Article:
State Pension Credit Regulations 2002
Lord Higgins (Conservative)
My Lords, this is an absolutely marvellous opportunity to make another Second Reading speech on the State Pension Credit Act 2002. However, I think that it is true to say that while a number of noble Lords have arrived for a subsequent debate, those involved in this debate are probably those who might usually be described as "the usual suspects". We are not unfamiliar with this matter, which, as the noble Baroness has rightly pointed out, we have only recently discussed.
It is also right that the Minister's virtue should be rewarded, in the sense that during the passage of the Bill she—I think unusually—provided draft regulations in Committee, on Report and at Third Reading and so on, which cover much of what we have in the order. Therefore, it is not unfamiliar to us. So far as one can see, it does not contain any shocks.
Perhaps I may, therefore, just ask one or two questions. The first is a question to which I ought to know the answer and do not. In the order it says, as is normal, that the advice of the Social Security Advisory Committee has not been taken because the Bill has been passed only a short time before. I am not absolutely clear whether the Social Security Advisory Committee expresses a view ahead of a Bill. Does it have an opportunity to make any comment after the Bill is passed and after it has seen these regulations, which it has not previously seen? It seems rather unfortunate that when it may have some comments on the regulations it is precluded from so doing. Probably the normal case is that the initial regulations come out within the six-month period.
Secondly, the orders cover a number of points with regard to absence overseas and whether individuals should or should not be allowed to continue to receive state pension credit when they are overseas. The order sets out the period over which they continue to receive the benefit, although that is a fairly tight limit—in some cases four weeks and in other cases eight weeks. It is particularly relevant in the context of the orders, which are concerned with what are described as "patients", that is to say, people who go overseas to receive medical treatment.
My impression is that the individuals concerned only continue to receive the state pension credit if they go overseas for medical treatment paid for by the NHS. If that is true it seems to me quite wrong because the individual who pays has not only paid all the normal contributions for National Health Service treatment but has in addition paid for his own treatment, thereby relieving the state of that cost. Consequently, it does not seem to me that there should be a differentiation between people who go overseas for medical treatment under the NHS and those who go overseas for medical treatment privately. No doubt the Minister can respond to that and we can then consider whether we need to go further.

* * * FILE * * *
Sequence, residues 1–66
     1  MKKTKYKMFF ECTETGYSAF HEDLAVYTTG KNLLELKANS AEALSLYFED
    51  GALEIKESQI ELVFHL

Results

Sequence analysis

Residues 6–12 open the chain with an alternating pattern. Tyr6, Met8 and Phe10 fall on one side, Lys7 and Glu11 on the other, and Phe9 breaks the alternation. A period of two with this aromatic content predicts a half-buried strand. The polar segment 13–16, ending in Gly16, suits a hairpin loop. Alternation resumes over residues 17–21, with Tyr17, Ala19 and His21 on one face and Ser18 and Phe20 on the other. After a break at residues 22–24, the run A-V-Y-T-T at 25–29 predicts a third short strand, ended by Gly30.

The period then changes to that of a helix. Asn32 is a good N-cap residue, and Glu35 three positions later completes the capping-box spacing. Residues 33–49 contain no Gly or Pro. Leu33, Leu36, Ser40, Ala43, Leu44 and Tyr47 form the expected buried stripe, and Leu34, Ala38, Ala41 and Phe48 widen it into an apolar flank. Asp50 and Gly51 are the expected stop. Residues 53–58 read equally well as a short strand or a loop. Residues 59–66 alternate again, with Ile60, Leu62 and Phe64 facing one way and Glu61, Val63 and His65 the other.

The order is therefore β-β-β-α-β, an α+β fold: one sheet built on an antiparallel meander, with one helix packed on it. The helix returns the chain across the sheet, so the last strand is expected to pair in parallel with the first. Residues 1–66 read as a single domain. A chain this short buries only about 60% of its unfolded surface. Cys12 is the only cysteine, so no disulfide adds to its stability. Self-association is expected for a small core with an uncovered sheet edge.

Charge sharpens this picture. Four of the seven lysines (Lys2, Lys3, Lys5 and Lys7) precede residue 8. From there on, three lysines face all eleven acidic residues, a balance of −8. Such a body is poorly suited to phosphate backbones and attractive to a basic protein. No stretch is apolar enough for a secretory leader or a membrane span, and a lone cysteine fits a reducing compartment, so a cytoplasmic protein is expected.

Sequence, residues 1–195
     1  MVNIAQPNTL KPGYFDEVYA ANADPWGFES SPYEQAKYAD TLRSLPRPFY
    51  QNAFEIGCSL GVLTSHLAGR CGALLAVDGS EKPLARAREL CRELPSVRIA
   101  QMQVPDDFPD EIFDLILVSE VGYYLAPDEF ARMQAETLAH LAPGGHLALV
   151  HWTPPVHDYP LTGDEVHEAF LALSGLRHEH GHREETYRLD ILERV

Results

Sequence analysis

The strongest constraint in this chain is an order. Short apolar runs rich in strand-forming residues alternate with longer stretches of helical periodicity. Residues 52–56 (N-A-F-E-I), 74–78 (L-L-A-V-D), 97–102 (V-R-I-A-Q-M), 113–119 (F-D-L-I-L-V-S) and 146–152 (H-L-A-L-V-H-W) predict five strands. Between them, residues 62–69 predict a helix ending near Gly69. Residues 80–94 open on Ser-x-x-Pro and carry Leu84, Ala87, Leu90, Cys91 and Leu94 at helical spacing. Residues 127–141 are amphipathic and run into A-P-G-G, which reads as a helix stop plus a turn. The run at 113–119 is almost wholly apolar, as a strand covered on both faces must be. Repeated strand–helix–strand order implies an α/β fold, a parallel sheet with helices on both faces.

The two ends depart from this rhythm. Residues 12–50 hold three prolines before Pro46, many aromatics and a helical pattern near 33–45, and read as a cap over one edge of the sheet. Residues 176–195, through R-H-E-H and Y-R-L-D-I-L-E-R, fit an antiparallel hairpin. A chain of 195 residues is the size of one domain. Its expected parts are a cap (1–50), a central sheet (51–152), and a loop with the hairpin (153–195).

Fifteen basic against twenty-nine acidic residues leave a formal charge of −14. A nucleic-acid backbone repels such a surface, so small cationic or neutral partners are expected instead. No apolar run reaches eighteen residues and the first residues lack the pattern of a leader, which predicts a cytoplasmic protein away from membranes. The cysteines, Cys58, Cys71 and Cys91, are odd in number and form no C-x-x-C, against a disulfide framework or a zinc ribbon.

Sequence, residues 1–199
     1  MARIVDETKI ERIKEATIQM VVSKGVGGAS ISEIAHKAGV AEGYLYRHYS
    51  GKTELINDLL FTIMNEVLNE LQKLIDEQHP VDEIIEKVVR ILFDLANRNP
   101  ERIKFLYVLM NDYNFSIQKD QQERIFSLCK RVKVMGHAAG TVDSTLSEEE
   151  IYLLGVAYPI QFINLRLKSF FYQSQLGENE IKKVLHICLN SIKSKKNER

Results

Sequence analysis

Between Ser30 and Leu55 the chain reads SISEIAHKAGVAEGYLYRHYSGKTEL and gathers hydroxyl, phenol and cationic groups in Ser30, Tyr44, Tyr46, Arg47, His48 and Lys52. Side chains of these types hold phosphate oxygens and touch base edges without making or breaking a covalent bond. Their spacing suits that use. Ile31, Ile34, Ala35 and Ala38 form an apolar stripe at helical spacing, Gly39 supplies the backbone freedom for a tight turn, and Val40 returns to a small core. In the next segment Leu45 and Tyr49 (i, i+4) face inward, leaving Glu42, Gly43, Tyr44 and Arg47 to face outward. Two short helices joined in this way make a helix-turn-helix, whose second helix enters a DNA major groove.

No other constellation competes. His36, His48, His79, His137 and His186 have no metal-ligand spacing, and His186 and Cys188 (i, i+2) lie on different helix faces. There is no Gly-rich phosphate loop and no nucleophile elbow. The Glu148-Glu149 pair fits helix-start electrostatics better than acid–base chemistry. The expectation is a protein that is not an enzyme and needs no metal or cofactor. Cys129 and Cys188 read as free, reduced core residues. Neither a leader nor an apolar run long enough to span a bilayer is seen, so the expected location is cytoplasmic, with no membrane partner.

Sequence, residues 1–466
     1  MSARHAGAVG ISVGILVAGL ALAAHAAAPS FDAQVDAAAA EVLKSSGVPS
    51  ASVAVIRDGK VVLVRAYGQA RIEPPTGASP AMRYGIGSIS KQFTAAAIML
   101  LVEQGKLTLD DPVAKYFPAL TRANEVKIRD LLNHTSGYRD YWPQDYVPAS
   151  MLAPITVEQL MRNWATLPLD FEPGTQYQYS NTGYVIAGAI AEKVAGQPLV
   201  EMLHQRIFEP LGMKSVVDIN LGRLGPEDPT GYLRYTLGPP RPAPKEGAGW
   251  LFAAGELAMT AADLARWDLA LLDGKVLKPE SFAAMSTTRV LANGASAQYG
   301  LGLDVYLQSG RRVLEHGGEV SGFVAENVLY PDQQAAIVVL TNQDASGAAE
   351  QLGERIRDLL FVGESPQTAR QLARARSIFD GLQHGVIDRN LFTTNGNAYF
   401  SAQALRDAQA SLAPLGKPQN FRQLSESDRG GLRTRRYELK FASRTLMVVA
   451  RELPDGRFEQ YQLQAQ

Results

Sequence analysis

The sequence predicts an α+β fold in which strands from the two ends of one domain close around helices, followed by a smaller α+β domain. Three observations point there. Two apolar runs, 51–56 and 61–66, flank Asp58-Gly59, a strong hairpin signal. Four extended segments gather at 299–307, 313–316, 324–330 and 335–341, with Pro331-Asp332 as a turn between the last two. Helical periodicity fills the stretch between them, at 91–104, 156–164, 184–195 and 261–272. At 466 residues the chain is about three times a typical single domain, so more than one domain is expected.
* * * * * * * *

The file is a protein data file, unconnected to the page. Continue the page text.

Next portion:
The only other point which one might consider is the question of the definition of income. In particular, the orders are concerned with the rate of return which is deemed to be received on capital. The Minister anticipates what I am going to say. The rate which is specified in the order would seem to imply a rate, once the initial tranche of capital has been taken into account, of something over 10 per cent. If the noble Baroness can tell me where I can invest money at 10 per cent at the moment I should be happy to hear from her. So will many other people suffering from the situation on the Stock Market.
The usual Treasury argument is, "Well, you must take the average rate of return, allowing for the fact that the first tranche of capital is not taken into account". It is the marginal rate which is relevant. Even if one were to take the average rate, it is still significantly higher than the rate one is likely to receive on risk-free investments at the present time. What I am really saying is that it does not seem to me that the rate which is set is as favourable or as sensible as it ought to be. The question then is whether there are sufficient powers to alter that rate in future.
Those are my main points. I shall not go over the fascinating aspects that we discussed on the recent passage of the Bill through your Lordships' House, particular with regard to polygamy and other favourite subjects of the noble Baroness. I look forward to hearing her specific answers to those points.